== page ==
Jump Start # 3461
Ecclesiastes 2:18-19 “Thus I hated all the fruit of my labor for which I had labored under the sun, for I must leave it to the man who will come after me. And who knows whether he will be a wise man or a fool? Yet he will have control over all the fruit of my labor for which I have labored by acting wisely under the sun. This too is vanity.”
Poor Solomon came to a conclusion that many senior citizens have seen in their lives. We spend a lifetime pursuing hobbies, collecting things that are precious and meaningful to us, only to realize that our children and grandchildren have little to no interest in those things. News article after article has shown that Millennials, Generations X and Z have no desire to hold on to grandma’s silverware. Boomers have a house full of stuff, often passed down from their parents that no one wants.
For Solomon, he developed gardens, parks, planted trees, made ponds, collected silver and gold and now he realizes the next generation may not have the same desire for these things as he did. In today’s world, the gardens would become apartments. The trees would be cut down and the space turned into a strip mall. The gold and silver sold at a pawnshop. A lifetime of collecting is disposed of just days after the funeral.
There are some realities that we must admit:
First, what is important to me, may only be important to me and to no one else. I have file cabinets stuffed with articles about Indiana restoration history, the early churches and the early preachers in this state. Someone suggests, you ought write a book about these things. There are already books written and who would read them, expect a few history buffs like myself. I’ve known people who spent a lifetime collecting stamps, coins, old hammers, quilts, license plates, spoons and what-nots that sit proudly on their shelves. What will happen to those things? Most likely, sold, trashed or given away. The collection will not stay collected. What is important to me, may only be important to me.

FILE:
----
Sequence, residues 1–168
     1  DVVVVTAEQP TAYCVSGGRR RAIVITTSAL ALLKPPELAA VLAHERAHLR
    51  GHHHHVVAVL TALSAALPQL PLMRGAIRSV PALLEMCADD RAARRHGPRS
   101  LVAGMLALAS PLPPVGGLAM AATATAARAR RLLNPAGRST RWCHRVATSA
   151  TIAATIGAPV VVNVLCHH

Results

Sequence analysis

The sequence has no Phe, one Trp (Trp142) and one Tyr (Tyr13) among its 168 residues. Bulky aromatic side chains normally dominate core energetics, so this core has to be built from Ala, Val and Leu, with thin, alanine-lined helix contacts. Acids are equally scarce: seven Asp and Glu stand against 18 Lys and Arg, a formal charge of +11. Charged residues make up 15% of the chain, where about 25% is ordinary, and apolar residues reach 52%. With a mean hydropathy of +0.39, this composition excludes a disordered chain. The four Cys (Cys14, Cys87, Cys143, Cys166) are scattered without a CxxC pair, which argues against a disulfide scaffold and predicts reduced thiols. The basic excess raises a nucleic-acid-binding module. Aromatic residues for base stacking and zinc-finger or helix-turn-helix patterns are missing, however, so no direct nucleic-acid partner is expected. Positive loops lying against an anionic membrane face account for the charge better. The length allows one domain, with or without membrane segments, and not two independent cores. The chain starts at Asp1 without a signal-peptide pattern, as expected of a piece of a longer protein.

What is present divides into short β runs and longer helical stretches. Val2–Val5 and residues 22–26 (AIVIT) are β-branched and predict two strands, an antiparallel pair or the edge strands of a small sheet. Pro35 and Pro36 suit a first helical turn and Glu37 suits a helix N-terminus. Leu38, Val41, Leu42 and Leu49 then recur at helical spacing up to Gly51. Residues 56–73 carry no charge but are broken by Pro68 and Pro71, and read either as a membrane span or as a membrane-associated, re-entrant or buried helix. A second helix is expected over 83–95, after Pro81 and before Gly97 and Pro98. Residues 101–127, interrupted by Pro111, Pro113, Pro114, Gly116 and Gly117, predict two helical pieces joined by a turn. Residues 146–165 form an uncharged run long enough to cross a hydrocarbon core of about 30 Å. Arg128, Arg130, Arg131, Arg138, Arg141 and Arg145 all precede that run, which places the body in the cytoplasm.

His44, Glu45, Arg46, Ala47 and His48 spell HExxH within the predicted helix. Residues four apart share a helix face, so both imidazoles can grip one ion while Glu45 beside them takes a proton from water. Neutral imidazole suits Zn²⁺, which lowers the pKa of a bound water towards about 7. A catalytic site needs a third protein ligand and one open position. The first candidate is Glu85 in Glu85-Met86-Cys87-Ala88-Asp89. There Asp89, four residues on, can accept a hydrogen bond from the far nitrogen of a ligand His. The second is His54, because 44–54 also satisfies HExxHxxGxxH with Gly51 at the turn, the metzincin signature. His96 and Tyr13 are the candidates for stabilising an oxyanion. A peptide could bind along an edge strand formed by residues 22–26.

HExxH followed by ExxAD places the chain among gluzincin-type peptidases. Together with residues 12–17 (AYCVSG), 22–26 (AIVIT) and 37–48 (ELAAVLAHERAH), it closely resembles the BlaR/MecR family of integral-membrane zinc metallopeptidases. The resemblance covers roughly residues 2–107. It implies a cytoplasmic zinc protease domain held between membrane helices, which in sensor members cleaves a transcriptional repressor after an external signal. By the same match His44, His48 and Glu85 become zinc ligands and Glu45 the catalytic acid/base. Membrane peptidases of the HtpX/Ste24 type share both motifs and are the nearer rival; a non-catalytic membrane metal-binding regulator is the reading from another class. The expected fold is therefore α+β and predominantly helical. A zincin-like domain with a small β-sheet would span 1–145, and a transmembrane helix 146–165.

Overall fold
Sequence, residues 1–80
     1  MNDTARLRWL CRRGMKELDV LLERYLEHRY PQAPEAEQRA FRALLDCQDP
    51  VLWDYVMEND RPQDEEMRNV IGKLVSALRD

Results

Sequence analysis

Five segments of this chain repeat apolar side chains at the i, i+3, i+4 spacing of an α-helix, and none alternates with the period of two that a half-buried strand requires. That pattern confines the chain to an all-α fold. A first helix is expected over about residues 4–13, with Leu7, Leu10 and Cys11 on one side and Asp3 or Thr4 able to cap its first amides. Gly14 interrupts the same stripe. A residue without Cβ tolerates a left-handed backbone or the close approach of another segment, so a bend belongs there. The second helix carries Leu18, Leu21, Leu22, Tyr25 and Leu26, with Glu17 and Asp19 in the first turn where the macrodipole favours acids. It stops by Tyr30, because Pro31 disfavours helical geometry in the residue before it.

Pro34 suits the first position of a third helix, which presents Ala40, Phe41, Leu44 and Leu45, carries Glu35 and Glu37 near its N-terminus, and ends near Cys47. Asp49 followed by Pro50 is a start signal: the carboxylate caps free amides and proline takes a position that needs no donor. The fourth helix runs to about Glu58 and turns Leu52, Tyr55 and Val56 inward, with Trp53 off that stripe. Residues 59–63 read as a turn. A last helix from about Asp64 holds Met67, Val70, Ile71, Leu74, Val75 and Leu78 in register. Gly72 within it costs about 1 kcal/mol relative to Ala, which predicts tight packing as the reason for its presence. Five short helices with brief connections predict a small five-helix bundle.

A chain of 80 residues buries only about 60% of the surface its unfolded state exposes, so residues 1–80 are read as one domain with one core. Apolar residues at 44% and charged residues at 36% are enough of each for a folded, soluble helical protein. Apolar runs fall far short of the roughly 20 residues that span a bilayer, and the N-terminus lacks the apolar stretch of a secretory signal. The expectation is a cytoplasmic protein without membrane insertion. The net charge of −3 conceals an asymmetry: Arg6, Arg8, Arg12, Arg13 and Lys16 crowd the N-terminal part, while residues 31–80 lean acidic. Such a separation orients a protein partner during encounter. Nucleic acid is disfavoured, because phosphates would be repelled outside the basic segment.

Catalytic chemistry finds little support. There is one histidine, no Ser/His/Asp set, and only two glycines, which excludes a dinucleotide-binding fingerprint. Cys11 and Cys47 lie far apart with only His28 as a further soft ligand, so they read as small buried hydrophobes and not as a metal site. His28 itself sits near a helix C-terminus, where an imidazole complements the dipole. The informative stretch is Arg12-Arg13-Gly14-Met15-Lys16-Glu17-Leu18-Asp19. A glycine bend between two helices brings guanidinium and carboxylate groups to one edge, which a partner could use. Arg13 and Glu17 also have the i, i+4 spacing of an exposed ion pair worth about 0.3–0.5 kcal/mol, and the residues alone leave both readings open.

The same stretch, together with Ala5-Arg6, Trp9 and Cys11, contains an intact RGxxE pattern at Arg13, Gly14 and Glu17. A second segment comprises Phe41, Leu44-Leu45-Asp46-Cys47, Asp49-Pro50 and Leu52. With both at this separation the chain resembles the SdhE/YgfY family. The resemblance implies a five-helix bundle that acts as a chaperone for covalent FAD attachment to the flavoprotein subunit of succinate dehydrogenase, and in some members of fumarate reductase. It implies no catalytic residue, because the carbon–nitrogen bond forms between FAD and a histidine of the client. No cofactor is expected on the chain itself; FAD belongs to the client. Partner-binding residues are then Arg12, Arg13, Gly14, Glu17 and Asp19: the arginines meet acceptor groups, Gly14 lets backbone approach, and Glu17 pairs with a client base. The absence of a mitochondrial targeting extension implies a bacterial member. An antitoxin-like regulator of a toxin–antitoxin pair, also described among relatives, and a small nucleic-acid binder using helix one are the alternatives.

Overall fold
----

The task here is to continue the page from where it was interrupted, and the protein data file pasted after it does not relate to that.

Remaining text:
Second, if you have found enjoyment in collecting things then that was the value for you. Someone else sees clutter. Someone else thinks, ‘where will I store all these things?’ Don’t be upset if others don’t see the value or the joy that those things brought to you. Your kids don’t have the investment of finding, buying and collecting what you have. To them, it’s just stuff, or more bluntly, just junk. You have gotten joy out of putting that collection together.
Third, the most important thing that you can pass on to your family is the value of righteousness and godliness. Teaching your family to make wise decisions and to remain committed to the Lord is much more important than grandma’s cast iron skillet. The memories of love, joy and family is something that they will treasure the most.
Fourth, if you find a way to pass on your collection of treasures to someone else that will save your family a lot of heartache and trouble after you are gone. What to do with this stuff is a major question that comes up after the funeral. Who wants this stuff? No one has the heart to say, “Not me.” So, one person feels the guilt to take things home just because they meant a lot to mom.
There shouldn’t be that guilt. Solomon’s words are true. Someone comes after you. Those things now become their possession. What they do with it is their business. Once you release things and take your fingers off of them, they are no longer yours. The other person might keep those things, sell those things, give those things away or even trash them. It’s theirs. It is no longer yours.
We must remember the words of Jesus, “Life does not consist of possessions.” Don’t define yourself by what you have. Rather, it is who you are that makes the difference. Walk through any thrift store or antique mall, and you’ll see things that were common in your childhood. Now they sit on a shelf with a price tag on them. Most of those things will be sitting on those shelves for a long, long time.
Don’t allow clutter to clutter your thinking or your heart. It’s only stuff and you can’t take it with you. Enjoy it while you have and realize after you are gone, it’s no longer yours.